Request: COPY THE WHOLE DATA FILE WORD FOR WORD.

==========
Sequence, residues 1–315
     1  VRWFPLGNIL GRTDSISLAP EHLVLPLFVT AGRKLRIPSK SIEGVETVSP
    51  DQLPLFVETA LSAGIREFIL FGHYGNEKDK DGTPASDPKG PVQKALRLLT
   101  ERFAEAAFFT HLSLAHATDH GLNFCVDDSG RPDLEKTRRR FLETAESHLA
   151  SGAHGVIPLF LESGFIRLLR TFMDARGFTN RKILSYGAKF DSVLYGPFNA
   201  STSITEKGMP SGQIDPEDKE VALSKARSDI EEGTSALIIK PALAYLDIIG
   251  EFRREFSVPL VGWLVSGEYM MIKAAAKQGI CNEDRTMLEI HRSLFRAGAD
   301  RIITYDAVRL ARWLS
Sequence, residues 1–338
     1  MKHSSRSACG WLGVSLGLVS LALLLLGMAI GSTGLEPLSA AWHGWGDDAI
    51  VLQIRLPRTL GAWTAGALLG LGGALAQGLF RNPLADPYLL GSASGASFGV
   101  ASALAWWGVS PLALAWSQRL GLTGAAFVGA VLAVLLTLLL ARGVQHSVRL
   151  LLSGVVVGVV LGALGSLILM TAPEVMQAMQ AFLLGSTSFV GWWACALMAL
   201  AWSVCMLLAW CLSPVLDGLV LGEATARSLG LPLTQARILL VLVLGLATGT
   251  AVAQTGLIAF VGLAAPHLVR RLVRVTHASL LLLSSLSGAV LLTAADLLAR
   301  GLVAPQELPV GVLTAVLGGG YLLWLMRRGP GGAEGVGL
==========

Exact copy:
Sequence, residues 1–315
     1  VRWFPLGNIL GRTDSISLAP EHLVLPLFVT AGRKLRIPSK SIEGVETVSP
    51  DQLPLFVETA LSAGIREFIL FGHYGNEKDK DGTPASDPKG PVQKALRLLT
   101  ERFAEAAFFT HLSLAHATDH GLNFCVDDSG RPDLEKTRRR FLETAESHLA
   151  SGAHGVIPLF LESGFIRLLR TFMDARGFTN RKILSYGAKF DSVLYGPFNA
   201  STSITEKGMP SGQIDPEDKE VALSKARSDI EEGTSALIIK PALAYLDIIG
   251  EFRREFSVPL VGWLVSGEYM MIKAAAKQGI CNEDRTMLEI HRSLFRAGAD
   301  RIITYDAVRL ARWLS
Sequence, residues 1–338
     1  MKHSSRSACG WLGVSLGLVS LALLLLGMAI GSTGLEPLSA AWHGWGDDAI
    51  VLQIRLPRTL GAWTAGALLG LGGALAQGLF RNPLADPYLL GSASGASFGV
   101  ASALAWWGVS PLALAWSQRL GLTGAAFVGA VLAVLLTLLL ARGVQHSVRL
   151  LLSGVVVGVV LGALGSLILM TAPEVMQAMQ AFLLGSTSFV GWWACALMAL
   201  AWSVCMLLAW CLSPVLDGLV LGEATARSLG LPLTQARILL VLVLGLATGT
   251  AVAQTGLIAF VGLAAPHLVR RLVRVTHASL LLLSSLSGAV LLTAADLLAR
   301  GLVAPQELPV GVLTAVLGGG YLLWLMRRGP GGAEGVGL